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Posted August 21, 2013 in Beaverdale
The Beaverdale mascot at last year’s festival.

The Beaverdale mascot at last year’s festival.

Outdoor street games and more entertainment designed to attract teenagers are among the festivities at this year’s Beaverdale Fall Festival.

The annual event, which is Sept. 13 and 14 and serves as a celebration of the Beaverdale neighborhood, will be very similar to previous years, says Theresa Graziano, who has served as Beaverdale Fall Festival committee president since 2005.

The fall festival takes place in the heart of the Beaverdale neighborhood along Beaver Avenue from Beaver Crest north to Adams Avenue and on Urbandale Avenue east and west to the first median. It includes musical performances and other entertainment, a parade, rides, fireworks and food, craft and product vendors. Neighborhood bars and restaurants have live music during the two-day event.

The south end of Beaver Avenue near Beaverdale Books will be blocked off and is where street games will occur. Details were still being worked out at press time, but organizers were considering chess or checkers or some other type of board games where the street would be used as the board. The street dance for teenagers also will be held this year, though its location could change.

“There will be lots of room for young people to have something to do and hopefully something they’ll like to do,” Graziano says.

All of the two-day event’s activities will be located in high traffic areas.

“We’re trying to be visible where people see the things that are going on and want to come and be part of it,” Graziano says.

The Beaverdale Fall Festival started more than 20 years ago. Merchants in the area created a fall festival that had sidewalk sales, carnival rides, music, a parade and more. The event had an Octoberfest theme and was known as Beaverdale Days. Cold weather forced the event to be moved to September. It was later renamed the Beaverdale Fall Festival.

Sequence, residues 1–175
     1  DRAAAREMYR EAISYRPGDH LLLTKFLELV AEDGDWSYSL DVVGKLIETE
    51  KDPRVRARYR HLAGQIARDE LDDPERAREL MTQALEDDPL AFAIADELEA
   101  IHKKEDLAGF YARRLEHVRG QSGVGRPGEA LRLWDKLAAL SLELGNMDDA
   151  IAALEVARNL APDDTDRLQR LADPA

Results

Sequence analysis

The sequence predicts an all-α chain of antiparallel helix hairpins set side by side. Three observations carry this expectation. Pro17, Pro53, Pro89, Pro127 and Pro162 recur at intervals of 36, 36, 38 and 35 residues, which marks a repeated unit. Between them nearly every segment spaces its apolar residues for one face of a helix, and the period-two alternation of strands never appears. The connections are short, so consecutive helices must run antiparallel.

Holy Trinity Catholic Church at the time had also hosted an annual celebration in September. In the 1980s, church leaders and the Beaverdale business community decided to combine their efforts into the single weekend of the fall festival.

Festival committee members meet in October to discuss the next year’s event. Then planning for the next festival begins in February.

Nicer weather in 2012 improves attendance
After two years of cold, rainy weather, organizers were thrilled with the weather for last year’s festival.

“Last year was incredible,” Graziano says. “It was wonderful.”

Organizers know they’ll face a challenge this year to draw attendees, as the festival falls the same weekend as the Iowa-Iowa State football game.

“We knew that, but it is what it is, and we believe we will still have a good weekend,” Graziano says. “We know there will be people who will go to the football game, and there are people who won’t go to the game. People can come on Friday night and go to the parade Saturday morning and then go to the game that night.”

Festival offers food, crafts, music and more
Beaverdale businesses will host musical entertainment and offer specials for those who are attending the festival.

The carnival will open on Frday afternoon at 5 p.m.

The carnival will open on Frday afternoon at 5 p.m.

Bands play both Friday and Saturday nights at GoodSons, Saints Pub + Patio, Tally’s Restaurant, Christopher’s Restaurant and others. Each restaurant or bar is in charge of hiring its own band or bands for the weekend’s festivities. Holy Trinity will also host live music.

Food vendors are located along Urbandale Avenue on both the east and wide sides. The craft fair will return for a second straight year since it was revitalized. It features handmade works by local people. That component had been part of previous fall festivals and was successful but fell off for a few years while committee members changed. It returned last year with much success.

“We were very pleased,” Graziano says of how the craft fair turned out and the items that were offered.

The craft fair will be Saturday. It will include crafters and emerging artists.

“Our goal is to have people who make what they are selling,” Graziano says.